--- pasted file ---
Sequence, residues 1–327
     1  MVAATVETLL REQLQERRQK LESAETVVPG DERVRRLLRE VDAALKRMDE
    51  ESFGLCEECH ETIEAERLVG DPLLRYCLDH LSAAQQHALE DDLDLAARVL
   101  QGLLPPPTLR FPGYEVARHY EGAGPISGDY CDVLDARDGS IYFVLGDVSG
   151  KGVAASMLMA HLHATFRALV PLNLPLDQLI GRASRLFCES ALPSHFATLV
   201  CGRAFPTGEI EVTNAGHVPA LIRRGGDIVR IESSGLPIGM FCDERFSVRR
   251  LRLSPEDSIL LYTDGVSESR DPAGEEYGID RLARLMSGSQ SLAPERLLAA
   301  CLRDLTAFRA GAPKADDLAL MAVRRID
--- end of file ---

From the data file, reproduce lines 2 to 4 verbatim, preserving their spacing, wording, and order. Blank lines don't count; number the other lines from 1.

     1  MVAATVETLL REQLQERRQK LESAETVVPG DERVRRLLRE VDAALKRMDE
    51  ESFGLCEECH ETIEAERLVG DPLLRYCLDH LSAAQQHALE DDLDLAARVL
   101  QGLLPPPTLR FPGYEVARHY EGAGPISGDY CDVLDARDGS IYFVLGDVSG